By Carlo Versano
Senate Republicans may want to reconsider their opposition to a Democratic proposal to abolish the electoral college.
Though President Trump would have lost the 2016 election if it were decided by popular vote, a Harvard professor said the conventional wisdom that the popular vote would always favor Democrats is "mistaken."
Two of the last five presidential elections were won by candidates ー both Republicans ー who didn't win the popular vote. But Alex Keyssar, a professor of history and social policy at Harvard's Kennedy School of Government, notes that the 2004 election came within about 100,000 votes of the opposite outcome. Had the Democratic candidate John Kerry won Ohio's 20 electoral votes that year, he would have become president despite President George W. Bush handily winning the popular vote.
"It's a serious mistake for Republicans to be defending the electoral college on the ground that it advantages them," Keyssar said.
The professor agrees with a growing number of Americans who say that the electoral college is outdated and fails to live up to the "one person, one vote" concept on which democratic representation is built. The system is "seriously flawed," Keyssar said, and Republicans and Democrats should debate whether to keep, revise, or replace it.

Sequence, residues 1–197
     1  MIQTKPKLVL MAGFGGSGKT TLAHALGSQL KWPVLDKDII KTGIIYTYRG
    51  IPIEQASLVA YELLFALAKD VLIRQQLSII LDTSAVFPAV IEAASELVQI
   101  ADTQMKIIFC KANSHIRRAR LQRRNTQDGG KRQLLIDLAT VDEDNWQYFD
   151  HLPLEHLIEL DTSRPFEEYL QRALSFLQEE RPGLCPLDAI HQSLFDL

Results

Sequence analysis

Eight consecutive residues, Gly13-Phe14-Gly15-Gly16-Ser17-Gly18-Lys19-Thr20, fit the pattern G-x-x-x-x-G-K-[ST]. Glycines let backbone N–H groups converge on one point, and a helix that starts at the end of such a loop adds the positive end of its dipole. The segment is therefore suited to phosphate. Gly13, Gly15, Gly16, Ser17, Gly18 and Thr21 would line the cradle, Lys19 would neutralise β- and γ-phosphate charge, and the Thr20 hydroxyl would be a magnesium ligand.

Recent polls show half of voters now support a popular-vote system over the electoral college prescribed by the Constitution. Under the law, each state receives a certain number of votes to select the president based on the state's congressional representation. Successful candidates must collect 270 electoral votes to win the presidency.
Defenders of the electoral college, which now include President Trump, despite his past enthusiasm the popular vote, argue that the system is a way to protect the voice of rural Americans. Though, in practice, the system encourages candidates to only campaign in a handful of swing states.
Sam Wang, a Princeton professor who runs the Princeton Election Consortium, calculated that in 2016, nearly 70 percent of post-convention campaign events took place in just six states with only 23 percent of the population.
If you're a voter who doesn't live in one of those states, "nobody pays any attention to you," Keyssar said.
The movement to abolish the electoral college is not new. A 1970 amendment passed the House only to die by filibuster in the Senate, where a bipartisan group of senators from small states opposed the measure. It was supported by President Nixon.
"This has not always been some unusual or fringe ideal at all," said Keyssar. Though he recognized that an amendment has virtually no chance of passing a divided Congress. Any effort to amend the Constitution would also require support of two-thirds of the states.
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